• The danger continues to increase even after the cigarette is put out, as the toxic chemicals continue to interact.

 

  • People who have been poisoned with gas can at once detect the presence of an extremely small proportion of carbon monoxide in the air and, in general, are exceptionally sensitive to all harmful gaseous substances. They also become very sensitive to tobacco smoke. I have been told by many who were poisoned with gases during the war, that now they positively cannot endure tobacco smoke.

 

  • Hallucinogens function on the brain, adversely impacting it, by impact on brain chemicals such as serotonin. One result of an altered serotonin level is smokers' disproportionately increased suicide rate.

 

  • The fear of dying is what leads a lot of people to stop smoking cigarettes.

 

  • Australian cigarettes contain about 20 percent of the nitrosamine content of U.S. cigarettes, making the chemical a prime suspect.

 

  • The more you smoke, the more you want to continue to smoke. Your body becomes physically dependent on the drug and begins to crave it.

 

  • Hydrazine (also present in a ciggie) is a chemical used in jets and rocket fuel.

 

  • Sometimes, people think that it is popular to smoke. Sometimes peers try to get you to smoke with them. You don't always have to say yes ­ even if you think you will be popular.

 

  • Nicotine withdrawal symptoms vary from person to person. The symptoms peak around the second or third day after quitting and then level off. Your nicotine withdrawal symptoms may include: Increased appetite, Cough, Sweating, Muscle aches and cramps, Constipation or diarrhea, Nausea, Headache, Sleep disturbances, Weight gain, Irritability, Anxiety, Depression.

 

  • There is only one reason people smoke, it's because they are addicted. However, there are many triggers that will help put the next cigarette in a smokers mouth:  Working under pressure, Feeling depressed, Talking on the phone, Drinking alcohol, Watching TV, Driving, After a meal, Playing cards, Drinking Coffee, Watching someone else smoke.

 

  • There are a wide variety of feelings associated with the actions to quit smoking. Many times irritability plays a major role in withdrawal from cigarette smoke, which can lead to resentment and anger.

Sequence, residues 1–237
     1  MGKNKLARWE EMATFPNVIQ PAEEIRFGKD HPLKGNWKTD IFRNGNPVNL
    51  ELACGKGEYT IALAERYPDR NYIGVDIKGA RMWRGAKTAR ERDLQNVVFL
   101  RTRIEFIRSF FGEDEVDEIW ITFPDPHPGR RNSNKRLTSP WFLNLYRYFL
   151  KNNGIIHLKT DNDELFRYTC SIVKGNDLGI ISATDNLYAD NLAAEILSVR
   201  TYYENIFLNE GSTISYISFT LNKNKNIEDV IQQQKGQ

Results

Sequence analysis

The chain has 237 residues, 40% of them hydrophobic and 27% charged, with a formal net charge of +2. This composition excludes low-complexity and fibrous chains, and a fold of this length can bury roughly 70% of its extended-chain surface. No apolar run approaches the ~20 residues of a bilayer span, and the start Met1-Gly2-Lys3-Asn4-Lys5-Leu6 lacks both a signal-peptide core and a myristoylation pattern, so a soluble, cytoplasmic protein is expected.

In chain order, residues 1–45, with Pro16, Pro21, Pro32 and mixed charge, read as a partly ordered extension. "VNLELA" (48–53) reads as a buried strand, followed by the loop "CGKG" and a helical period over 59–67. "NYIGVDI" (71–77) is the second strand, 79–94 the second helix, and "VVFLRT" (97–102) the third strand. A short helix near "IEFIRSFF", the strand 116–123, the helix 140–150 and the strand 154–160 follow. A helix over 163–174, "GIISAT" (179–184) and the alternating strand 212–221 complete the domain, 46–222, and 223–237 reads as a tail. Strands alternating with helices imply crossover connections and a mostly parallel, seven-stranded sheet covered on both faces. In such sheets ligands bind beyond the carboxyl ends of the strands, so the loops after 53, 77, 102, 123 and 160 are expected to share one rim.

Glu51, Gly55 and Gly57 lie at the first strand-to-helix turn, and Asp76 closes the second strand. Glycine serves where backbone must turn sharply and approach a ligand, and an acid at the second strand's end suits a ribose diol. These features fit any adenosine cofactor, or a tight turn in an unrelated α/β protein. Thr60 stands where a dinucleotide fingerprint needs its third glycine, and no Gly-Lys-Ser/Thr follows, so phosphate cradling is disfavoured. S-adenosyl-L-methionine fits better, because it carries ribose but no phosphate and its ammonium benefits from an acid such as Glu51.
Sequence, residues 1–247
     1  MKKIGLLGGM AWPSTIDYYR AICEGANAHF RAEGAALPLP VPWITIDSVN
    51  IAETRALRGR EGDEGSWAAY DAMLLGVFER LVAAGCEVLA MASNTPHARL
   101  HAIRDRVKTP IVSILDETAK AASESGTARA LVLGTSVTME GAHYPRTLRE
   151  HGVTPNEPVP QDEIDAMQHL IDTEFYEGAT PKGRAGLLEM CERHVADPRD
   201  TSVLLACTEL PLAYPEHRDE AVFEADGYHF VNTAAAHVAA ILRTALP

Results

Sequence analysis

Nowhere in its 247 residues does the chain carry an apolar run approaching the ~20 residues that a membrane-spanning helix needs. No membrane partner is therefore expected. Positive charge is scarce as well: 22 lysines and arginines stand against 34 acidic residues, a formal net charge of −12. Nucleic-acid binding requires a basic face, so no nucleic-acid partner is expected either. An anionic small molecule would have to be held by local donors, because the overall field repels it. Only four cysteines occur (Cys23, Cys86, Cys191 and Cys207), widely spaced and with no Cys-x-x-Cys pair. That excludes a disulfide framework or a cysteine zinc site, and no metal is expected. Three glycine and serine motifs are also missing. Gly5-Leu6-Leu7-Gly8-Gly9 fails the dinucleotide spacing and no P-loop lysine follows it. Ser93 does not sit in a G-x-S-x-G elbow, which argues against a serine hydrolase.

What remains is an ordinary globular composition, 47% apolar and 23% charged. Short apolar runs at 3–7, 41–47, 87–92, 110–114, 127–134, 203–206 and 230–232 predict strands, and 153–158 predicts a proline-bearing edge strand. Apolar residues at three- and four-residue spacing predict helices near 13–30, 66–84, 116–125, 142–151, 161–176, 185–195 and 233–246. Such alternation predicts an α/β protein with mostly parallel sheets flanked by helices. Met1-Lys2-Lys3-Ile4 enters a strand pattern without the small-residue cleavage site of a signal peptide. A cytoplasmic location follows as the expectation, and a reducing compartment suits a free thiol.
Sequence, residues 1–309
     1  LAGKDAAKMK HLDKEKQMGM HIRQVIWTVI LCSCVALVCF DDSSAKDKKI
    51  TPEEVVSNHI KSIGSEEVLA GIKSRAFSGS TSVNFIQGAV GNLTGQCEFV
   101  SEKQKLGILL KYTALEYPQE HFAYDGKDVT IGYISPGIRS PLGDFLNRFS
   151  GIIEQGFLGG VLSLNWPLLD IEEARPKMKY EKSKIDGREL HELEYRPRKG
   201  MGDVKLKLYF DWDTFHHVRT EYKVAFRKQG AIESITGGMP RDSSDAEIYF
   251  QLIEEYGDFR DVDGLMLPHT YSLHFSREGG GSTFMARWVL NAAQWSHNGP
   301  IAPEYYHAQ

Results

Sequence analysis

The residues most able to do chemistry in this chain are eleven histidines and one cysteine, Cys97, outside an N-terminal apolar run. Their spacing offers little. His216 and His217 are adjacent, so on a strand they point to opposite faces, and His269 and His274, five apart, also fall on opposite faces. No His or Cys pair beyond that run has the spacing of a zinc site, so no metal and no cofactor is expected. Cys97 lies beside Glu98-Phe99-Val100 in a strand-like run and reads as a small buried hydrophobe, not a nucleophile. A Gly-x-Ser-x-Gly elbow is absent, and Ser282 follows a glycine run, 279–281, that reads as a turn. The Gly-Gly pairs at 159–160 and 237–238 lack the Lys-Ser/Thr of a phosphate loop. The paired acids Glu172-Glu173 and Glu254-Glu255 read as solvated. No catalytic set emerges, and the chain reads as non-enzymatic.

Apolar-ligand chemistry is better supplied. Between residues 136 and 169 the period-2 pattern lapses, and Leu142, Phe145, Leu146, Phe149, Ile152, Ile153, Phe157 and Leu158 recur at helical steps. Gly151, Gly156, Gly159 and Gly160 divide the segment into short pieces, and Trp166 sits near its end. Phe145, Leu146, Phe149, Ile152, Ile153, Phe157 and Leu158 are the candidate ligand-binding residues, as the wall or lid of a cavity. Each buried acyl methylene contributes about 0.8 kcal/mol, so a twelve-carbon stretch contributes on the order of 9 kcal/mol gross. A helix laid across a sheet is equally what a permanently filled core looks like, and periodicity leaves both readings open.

• Instead of letting your withdrawal get the best of you right after a meal (When most people light up) try replacing the cigarette with something else like doing the dishes or taking a walk, whatever works best for you.

 

  • Keep a "Quitting Smoking" journal which you commit to writing in daily, a place to release some anger and put it into words. It is a great way to get rid of unwanted feelings, and a great way to document your life changing struggle and successes that can be looked upon for the rest of your life.

 

  • Try something new! Introduce something into your life that you have an interest in like joining a softball team, fishing, or even basket weaving. When you make the decision to quit smoking, you make a decision to change your life so bringing something new to the table will not only help you quit but will enable you to make sure your habits have changed and you will stay smoke free.

 

  • Although weight gain can have an impact on your health, it can be a small price to pay for quitting smoking. There are things you can do while quitting that will help reduce the risk of weight gain altogether.

 

  • Make sure to make exercise a part of your daily life. Simply walking or going for a swim will help keep you fit, and help limit the urge to smoke?

 

  • Smokers often acknowledge that if they quit smoking, they don't know what they will do with their hands instead!

Thats the end for some of the uncommon facts about smoking. Hope this article has helped enlighten some of you, and also I hope that the non smokers, who are tempted to smoke will think properly before holding the butt in your hands!

 

 

 

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One thought on “114 life threatening facts about smoking!”

  1. Tanmay Sawant says:

    Damn.Honestly i didnt read all of them but read few.And seriously its so harmfull.Never would smoke and would recoemmend others not to smoke too